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The route/highway argument is similar to the pop/soda argument because it stems from a difference in regional dialects, but it's a bit more nuanced. It's less of an argument than a semantic difference.
On parts of the East Coast, people call highways "routes," but only in a specific context. They might call it "Route 495," but then they will refer to "Route 495" as a "highway" when saying something like, "I live just a few miles from the highway." Thus, unlike the pop/soda argument, the East Coasters agree with the West Coasters on what the thing itself should be calledâ€”"highway." It's just that when some East Coasters refer to one of these highways by its number, they say "Route ___."
By contrast, in the South (or the Southeast), references to highways by number have some variation. Three-digit highways (but not interstates) are usually designated only by number, such as 316 or 441. Two-digit highways (but not interstates) are usually designated by using the word "Highway" rather than "Route", as in "Highway 10". All state highways can also be designated by the name of the state, followed by the highway number, such as "Georgia 400" (also known as the "Alpharetta Autobahn"). Interstates, regardless of number of digits, are generally referred to as "I-__", such as "I-20" or "I-95". "Route" does not exist in the Southeast... and if it did, it would be pronounced such that it rhymed with "out" rather than with "boot".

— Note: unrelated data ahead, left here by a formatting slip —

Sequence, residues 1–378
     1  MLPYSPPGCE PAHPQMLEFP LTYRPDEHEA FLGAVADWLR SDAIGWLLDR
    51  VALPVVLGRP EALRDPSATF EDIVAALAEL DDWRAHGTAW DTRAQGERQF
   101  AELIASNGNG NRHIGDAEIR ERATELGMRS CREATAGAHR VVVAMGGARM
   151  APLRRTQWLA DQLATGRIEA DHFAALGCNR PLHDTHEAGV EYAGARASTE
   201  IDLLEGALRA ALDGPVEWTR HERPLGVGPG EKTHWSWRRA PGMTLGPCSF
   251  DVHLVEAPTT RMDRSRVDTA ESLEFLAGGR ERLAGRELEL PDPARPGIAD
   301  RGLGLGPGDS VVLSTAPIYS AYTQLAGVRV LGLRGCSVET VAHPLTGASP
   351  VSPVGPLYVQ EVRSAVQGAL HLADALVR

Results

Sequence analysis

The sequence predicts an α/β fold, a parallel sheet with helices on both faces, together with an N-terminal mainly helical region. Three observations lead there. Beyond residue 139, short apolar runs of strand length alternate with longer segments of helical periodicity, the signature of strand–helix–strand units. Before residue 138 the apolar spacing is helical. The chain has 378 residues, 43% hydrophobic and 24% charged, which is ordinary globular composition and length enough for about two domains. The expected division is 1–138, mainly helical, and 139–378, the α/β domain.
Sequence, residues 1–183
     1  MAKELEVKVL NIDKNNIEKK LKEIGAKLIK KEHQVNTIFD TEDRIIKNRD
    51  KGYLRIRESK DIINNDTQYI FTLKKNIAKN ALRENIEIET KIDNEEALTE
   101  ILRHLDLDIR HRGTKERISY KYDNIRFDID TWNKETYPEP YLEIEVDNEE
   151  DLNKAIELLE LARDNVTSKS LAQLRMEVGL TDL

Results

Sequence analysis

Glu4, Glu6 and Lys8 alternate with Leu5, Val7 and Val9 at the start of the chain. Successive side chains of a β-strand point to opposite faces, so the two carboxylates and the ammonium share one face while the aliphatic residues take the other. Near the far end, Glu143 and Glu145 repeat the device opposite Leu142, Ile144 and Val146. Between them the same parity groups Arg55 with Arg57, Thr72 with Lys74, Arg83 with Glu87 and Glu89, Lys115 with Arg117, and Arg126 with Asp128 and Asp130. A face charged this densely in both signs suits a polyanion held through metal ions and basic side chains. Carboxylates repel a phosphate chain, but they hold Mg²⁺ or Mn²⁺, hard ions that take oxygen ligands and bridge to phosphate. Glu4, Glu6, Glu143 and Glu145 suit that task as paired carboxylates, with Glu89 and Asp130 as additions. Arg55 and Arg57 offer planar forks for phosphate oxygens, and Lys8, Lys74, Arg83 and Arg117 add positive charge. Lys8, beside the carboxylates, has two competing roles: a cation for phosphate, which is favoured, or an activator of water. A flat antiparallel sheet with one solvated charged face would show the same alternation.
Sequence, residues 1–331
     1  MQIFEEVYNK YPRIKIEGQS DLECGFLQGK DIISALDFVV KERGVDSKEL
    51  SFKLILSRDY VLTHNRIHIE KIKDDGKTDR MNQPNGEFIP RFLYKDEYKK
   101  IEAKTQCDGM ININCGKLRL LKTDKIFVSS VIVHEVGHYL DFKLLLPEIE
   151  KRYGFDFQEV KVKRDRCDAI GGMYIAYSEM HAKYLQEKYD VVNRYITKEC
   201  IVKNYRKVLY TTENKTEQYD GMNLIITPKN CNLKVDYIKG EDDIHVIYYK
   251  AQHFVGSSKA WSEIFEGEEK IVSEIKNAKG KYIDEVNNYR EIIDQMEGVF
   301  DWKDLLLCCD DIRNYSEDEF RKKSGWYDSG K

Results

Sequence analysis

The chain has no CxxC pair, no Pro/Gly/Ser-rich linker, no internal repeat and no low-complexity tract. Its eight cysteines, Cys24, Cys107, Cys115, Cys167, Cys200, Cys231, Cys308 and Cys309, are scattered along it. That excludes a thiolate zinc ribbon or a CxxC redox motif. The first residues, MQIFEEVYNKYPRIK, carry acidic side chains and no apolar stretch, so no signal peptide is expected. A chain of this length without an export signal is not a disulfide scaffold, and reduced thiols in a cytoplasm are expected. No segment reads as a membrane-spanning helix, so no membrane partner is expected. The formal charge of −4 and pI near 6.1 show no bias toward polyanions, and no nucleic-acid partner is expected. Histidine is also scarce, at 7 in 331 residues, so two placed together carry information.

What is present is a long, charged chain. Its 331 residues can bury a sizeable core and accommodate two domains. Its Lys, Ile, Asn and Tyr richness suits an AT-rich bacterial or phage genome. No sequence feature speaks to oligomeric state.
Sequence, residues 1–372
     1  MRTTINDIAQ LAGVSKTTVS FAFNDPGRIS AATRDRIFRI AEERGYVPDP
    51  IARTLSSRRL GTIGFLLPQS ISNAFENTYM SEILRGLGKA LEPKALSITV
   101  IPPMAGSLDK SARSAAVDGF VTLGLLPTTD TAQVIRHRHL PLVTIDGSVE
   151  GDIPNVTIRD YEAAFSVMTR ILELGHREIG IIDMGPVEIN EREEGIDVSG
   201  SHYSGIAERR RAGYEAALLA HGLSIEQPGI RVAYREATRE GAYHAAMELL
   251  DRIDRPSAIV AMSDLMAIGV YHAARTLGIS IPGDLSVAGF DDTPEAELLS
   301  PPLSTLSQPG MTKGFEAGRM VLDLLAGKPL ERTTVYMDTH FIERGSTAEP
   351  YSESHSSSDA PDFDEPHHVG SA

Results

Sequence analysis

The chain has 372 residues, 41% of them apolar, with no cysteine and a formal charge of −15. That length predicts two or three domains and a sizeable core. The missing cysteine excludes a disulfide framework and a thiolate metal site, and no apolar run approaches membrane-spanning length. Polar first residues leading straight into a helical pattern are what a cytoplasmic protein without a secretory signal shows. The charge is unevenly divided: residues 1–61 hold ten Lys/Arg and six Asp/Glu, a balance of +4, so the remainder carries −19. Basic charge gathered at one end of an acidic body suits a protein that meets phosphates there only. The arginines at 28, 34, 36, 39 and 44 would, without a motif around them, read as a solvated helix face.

In addition, in the Los Angeles area (if not all of southern California) there are what the locals call "freeways," which are essentially highways on performance enhancing drugs. They are all too big to be either a "highway" or a "route," making this argument completely irrelevant in that part of the country. As far as nomenclature however, Angelenos refer to their freeways simply by saying "The ___" such as "The 10" to refer to Interstate Highway 10 or "The 405," "The 101" etc...
See also the logic behind road numbers.